Main Body Deployed for NATO Operation Joint Endeavor
By Linda D. Kozaryn
American Forces Press Service
WASHINGTON, Dec. 21, 1995 "Enabling forces are in place; the main forces are ready. Therefore," said U.S. Army Gen. George Joulwan, "let's go."
GoDay was Dec. 16. Joulwan, NATO's supreme allied commander Europe, officially activated Operation Joint Endeavor. It was the final step needed to send 60,000 troops from more than 25 nations to implement peace in Bosnia.
Earlier the same day, the United Nations Security Council passed Resolution 1031, establishing the multinational military implementation force of ground, air and maritime units from NATO and nonNATO nations under NATO's command and control. NATO's 16member decisionmaking body, the North Atlantic Council, then approved the deployment of 60,000 troops from more than 25 nations.
After issuing the activation order, Joulwan told reporters, "Our mission is clear, limited in time and scope, and with robust rules of engagement. The force has trained to mission, is well equipped and is superbly led. I have every confidence in their ability to execute the mission."
During the next 96 hours, NATO forces would flow into Bosnia ready to assume command and control of the theater from the U.N. Protection Force Dec. 20.
Nearly 2,200 of the planned 2,600 enabling forces were in Bosnia and Croatia by Dec. 17, according to DoD officials. Support forces were building up in Hungary at a railhead in Kapasvar and an airfield at Taszar.
"Routeopening forces are going in to allow the land route from Hungary to Tuzla to be opened," said U.S. Air Force Lt. Gen. Howell Estes III, operations director for the Joint Chiefs of Staff, during a Pentagon briefing. "They have to secure the route that goes from the railhead at Kapasvar, about 30 kilometers north of the Hungarian/Croatian border, down to the Sava River on the border between Croatia and Bosnia."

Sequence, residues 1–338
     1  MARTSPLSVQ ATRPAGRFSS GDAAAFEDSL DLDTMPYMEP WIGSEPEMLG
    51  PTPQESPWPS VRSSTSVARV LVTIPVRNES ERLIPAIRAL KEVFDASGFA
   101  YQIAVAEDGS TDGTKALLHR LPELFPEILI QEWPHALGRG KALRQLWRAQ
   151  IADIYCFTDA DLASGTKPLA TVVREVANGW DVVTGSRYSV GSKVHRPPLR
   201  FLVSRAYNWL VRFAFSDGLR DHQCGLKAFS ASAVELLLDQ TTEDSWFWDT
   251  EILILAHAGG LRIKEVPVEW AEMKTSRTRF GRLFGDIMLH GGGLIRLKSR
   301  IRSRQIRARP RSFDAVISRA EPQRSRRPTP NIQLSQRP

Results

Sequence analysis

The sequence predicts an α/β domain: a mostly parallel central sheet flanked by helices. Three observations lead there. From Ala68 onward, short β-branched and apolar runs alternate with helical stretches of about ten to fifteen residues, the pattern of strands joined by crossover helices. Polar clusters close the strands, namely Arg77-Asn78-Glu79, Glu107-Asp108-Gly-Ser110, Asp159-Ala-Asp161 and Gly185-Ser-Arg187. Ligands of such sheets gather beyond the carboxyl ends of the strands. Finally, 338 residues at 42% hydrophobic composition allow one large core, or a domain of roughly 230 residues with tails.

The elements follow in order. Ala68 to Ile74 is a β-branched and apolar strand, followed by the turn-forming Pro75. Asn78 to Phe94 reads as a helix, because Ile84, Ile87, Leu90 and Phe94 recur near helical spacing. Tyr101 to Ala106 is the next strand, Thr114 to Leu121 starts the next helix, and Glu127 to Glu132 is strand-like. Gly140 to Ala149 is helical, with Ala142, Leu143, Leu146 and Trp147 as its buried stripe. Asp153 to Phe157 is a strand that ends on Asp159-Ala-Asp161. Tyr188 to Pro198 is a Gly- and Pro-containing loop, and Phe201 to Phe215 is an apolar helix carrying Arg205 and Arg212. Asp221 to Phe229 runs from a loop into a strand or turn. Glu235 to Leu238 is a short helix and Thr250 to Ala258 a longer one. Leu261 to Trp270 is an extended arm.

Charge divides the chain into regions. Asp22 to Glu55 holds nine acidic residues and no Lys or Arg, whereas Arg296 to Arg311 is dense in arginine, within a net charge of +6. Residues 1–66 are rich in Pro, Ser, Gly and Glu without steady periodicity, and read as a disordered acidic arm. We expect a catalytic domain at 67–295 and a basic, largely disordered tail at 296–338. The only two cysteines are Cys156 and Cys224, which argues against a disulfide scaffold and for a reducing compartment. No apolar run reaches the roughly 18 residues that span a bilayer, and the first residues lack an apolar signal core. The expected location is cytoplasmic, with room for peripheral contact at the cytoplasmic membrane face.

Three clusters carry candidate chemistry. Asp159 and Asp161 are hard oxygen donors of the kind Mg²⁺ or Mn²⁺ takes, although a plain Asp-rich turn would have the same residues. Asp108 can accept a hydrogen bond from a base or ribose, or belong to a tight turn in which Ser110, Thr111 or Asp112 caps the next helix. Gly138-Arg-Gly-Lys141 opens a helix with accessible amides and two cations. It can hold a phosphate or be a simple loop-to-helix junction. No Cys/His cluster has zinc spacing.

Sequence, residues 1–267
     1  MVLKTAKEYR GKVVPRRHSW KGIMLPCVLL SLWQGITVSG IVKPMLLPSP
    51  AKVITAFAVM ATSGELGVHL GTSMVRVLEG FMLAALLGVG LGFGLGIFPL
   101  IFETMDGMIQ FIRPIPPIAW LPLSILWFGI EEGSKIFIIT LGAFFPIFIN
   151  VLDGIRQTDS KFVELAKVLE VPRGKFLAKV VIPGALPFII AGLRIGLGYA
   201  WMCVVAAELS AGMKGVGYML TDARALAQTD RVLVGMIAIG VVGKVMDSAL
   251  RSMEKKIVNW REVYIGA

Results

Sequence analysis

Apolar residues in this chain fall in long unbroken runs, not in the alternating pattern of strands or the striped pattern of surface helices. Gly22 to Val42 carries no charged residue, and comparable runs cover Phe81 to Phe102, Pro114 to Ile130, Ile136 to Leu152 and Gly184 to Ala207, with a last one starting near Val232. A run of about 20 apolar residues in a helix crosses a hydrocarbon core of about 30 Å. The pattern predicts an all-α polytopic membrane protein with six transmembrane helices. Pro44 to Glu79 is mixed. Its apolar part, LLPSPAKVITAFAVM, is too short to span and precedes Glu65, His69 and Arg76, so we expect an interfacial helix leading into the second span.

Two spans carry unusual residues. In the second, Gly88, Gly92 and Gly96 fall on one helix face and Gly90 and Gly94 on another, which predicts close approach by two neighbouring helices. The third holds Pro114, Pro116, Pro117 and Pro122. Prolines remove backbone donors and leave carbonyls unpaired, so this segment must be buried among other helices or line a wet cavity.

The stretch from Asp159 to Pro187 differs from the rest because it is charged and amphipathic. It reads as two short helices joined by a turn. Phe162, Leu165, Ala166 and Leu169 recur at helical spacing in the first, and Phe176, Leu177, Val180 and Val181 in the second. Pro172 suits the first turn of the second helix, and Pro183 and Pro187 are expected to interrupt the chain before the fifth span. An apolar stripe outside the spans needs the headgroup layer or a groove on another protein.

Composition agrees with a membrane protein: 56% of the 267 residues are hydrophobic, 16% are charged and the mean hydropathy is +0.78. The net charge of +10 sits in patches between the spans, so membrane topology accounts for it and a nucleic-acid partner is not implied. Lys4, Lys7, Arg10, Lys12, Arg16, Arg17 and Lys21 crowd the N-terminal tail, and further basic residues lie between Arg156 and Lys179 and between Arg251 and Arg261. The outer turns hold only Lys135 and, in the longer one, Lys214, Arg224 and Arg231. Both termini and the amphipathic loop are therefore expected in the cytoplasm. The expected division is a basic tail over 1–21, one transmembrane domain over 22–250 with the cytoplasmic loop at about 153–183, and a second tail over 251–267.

A bridging unit will put a ribbon bridge on pontoons across two sites on the Sava River, Estes said. The river is about 965 feet wide where the bridges will be placed.
"This is a very typical kind of a bridge crossing," Estes said. "We don't expect any difficulty whatsoever in bridging this river. The forces that are doing this are extremely well trained. They've looked at the conditions here and see absolutely no problem with getting his bridge across in very short order."
After the travel routes are opened, an initial entry force made up of an assault command post and a light infantry unit will go into Tuzla, Estes said. The initial entry force will be followed by a strike aviation brigade, two brigade combat teams that are the primary ground forces which will carry out the peace implementation tasks and finally, the division support forces. The deployment of these forces is expected to be complete about 10 weeks after GoDay, Estes said.
After fog and snow hampered operations at the Tuzla airfield, C130 aircraft began delivering troops Dec. 18. As of that date, Estes said, there had been about 240 flights moving people from the United States or Germany to forward locations. About 4,000 people and about 5,000 short tons of equipment had been moved, he said.
Buses and trains are also ferrying troops and equipment into Hungary and Croatia, Estes said. Thirty trains had arrived as of Dec. 18, and another 35 were en route.
Although it may not look as if much has been happening, Estes said, "there is a large rampup of things moving that will eventually go into Bosnia based on NATO's time table."
"The commanders responsible for these forces feel the force flow is going according to plan and they will be able to carry out the tasks they'll be asked by NATO to carry out," Estes said.